The Hurricane Heist film review: natural disaster meets robbery in stupid action thriller
Director Rob Cohen’s tale of a massive theft during a storm is full of cliched dialogue, average special effects and unbelievable depictions of a hurricane, and has an implausible storyline
Ever wondered what happens to used banknotes after they are taken out of circulation? They are shipped in their hundreds of millions to remote government installations, where they are shredded. Or at least according to The Hurricane Heist, an incredibly stupid thriller.
When a corrupt treasury officer (Ralph Ineson) knocks off one such facility in rural Alabama, just as an off the charts hurricane happens to sweep in from the Gulf, it falls to his double-crossed partner (Maggie Grace) and an emotionally damaged meteorologist, Will (Toby Kebbell), to save the day.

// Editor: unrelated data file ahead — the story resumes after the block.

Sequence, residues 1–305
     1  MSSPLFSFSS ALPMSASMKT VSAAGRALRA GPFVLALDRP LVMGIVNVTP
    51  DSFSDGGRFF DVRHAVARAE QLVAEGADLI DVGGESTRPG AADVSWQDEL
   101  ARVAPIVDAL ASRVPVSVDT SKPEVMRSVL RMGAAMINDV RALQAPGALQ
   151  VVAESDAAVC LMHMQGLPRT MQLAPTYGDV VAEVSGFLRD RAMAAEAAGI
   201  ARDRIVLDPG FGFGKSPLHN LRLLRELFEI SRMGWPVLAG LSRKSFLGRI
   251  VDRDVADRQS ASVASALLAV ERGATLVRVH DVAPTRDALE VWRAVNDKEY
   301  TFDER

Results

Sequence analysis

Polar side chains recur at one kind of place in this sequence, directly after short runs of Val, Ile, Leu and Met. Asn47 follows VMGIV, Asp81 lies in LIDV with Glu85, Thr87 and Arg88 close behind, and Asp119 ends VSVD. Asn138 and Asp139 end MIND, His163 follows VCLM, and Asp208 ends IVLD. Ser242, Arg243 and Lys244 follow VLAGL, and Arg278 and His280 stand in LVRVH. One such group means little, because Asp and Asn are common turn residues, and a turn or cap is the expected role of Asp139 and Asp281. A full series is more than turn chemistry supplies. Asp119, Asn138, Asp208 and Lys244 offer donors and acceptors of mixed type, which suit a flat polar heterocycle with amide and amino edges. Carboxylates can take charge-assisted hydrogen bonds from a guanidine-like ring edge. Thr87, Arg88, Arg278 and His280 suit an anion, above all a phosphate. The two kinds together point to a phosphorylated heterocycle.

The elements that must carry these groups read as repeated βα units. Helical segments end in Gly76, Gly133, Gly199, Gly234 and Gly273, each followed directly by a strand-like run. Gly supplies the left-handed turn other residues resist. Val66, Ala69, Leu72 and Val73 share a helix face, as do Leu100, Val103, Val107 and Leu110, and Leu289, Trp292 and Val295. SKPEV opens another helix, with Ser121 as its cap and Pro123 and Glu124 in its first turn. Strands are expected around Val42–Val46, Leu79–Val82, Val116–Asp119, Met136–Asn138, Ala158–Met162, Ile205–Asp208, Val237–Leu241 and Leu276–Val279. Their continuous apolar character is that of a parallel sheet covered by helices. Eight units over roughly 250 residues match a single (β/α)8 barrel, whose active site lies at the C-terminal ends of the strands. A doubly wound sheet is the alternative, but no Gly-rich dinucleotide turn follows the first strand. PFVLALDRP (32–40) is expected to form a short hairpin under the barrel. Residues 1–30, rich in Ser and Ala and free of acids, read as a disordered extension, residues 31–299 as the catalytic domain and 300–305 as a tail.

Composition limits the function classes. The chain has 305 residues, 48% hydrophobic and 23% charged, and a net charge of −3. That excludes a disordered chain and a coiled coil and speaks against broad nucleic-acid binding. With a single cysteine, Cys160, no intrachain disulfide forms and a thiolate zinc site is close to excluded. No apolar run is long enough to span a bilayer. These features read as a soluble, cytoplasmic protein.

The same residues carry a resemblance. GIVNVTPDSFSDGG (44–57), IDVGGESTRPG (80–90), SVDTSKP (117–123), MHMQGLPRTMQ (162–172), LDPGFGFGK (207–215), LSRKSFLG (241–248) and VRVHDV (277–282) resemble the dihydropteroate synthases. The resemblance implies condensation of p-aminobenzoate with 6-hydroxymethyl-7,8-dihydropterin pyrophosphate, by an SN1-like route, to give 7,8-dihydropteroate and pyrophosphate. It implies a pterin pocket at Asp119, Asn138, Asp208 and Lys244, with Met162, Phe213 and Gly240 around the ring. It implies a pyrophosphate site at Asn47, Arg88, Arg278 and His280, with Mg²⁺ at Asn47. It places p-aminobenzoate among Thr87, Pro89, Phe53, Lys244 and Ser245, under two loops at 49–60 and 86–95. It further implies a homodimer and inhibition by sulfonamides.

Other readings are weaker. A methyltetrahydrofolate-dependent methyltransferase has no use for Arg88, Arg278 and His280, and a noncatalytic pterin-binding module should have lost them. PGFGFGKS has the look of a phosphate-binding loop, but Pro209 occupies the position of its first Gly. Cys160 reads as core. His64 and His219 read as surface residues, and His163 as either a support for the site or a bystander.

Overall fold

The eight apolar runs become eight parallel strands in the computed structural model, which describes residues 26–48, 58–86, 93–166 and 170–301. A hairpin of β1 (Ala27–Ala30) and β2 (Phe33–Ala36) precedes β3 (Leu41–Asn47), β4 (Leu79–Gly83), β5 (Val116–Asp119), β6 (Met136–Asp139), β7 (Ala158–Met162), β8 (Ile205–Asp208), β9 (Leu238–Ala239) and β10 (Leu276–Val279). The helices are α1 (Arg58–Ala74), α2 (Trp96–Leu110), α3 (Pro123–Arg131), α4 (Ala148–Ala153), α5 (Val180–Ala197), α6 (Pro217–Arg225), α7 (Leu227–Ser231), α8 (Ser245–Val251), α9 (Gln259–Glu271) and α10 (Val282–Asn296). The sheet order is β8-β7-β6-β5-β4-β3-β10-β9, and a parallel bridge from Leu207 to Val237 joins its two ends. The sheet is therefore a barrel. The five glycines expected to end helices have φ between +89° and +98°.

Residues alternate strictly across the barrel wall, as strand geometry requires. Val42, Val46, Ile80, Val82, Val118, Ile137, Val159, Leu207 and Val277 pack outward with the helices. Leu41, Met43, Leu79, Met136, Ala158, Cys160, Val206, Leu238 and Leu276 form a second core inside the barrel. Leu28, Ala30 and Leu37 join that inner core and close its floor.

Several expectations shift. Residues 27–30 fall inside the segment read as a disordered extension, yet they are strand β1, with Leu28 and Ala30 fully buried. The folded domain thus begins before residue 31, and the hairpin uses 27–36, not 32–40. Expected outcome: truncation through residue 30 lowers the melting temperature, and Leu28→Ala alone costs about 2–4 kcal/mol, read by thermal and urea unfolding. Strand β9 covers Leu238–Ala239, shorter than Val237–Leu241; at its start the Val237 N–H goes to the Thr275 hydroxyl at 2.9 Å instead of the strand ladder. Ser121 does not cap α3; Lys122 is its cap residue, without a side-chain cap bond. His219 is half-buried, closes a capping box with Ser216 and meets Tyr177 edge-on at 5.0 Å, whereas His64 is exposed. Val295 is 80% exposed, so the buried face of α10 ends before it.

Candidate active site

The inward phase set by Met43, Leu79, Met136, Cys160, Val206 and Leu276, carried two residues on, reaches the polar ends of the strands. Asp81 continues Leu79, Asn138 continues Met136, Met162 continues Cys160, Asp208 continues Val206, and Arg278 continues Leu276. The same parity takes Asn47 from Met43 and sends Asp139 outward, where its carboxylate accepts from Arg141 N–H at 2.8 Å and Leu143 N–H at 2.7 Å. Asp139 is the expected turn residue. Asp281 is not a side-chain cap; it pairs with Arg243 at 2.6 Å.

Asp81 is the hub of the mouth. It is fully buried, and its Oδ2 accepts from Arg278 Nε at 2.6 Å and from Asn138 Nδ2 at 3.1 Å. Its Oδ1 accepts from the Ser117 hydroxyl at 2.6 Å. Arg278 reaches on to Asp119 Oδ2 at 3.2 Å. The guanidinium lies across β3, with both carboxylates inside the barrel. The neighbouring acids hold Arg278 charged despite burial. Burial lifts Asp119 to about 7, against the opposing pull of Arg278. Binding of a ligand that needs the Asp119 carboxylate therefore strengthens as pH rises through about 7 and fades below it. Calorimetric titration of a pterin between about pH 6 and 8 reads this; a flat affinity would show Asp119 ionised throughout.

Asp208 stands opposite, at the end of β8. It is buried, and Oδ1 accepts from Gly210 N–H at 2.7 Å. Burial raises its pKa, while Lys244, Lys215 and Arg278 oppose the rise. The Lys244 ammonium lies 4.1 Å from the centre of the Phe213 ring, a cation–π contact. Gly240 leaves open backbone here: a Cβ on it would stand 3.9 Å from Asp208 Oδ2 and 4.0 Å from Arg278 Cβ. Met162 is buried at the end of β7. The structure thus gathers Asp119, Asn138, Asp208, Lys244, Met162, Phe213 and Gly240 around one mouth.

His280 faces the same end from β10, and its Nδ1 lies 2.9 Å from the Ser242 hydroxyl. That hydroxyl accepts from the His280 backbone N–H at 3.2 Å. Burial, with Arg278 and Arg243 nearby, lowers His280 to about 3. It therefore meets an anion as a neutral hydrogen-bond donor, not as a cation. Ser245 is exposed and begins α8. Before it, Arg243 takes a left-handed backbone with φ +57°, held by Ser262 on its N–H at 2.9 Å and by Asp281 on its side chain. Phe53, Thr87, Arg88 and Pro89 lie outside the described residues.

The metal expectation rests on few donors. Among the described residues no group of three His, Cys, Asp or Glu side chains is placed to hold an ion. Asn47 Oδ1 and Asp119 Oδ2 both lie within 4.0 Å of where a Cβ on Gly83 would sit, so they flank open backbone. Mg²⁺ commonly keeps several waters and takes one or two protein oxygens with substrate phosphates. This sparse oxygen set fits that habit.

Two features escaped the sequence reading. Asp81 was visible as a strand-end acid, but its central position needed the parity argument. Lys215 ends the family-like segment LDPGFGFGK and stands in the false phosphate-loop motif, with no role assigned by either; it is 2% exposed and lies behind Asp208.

The storm also reunites Will with his estranged brother, Breeze (Ryan Kwanten), who is still reeling from the death of their storm chaser father. While Will followed his dad’s calling, Breeze joined the Marines and now wallows at the bottom of a bourbon bottle. These are the film’s best written characters.
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Director Rob Cohen is best known for kick-starting both the Fast and the Furious and xXx franchises, and is no stranger to a high-concept action thriller. But this natural disaster/bank heist mash-up stretches the bounds of plausibility, even by his own outrageous standards.
Shot in Bulgaria with a hodgepodge assortment of Britons and Australians filling out the cast, the film boasts only modestly effective effects work. The dialogue is cliched and riddled with excess explanation, while the terrain, devastated by wind and flood, is clean and dry moments later. There’s also a skull in the storm motif that defies explanation.
To call The Hurricane Heist a disaster seems unfair to inclement weather. It just blows.
The Hurricane Heist opens on March 15
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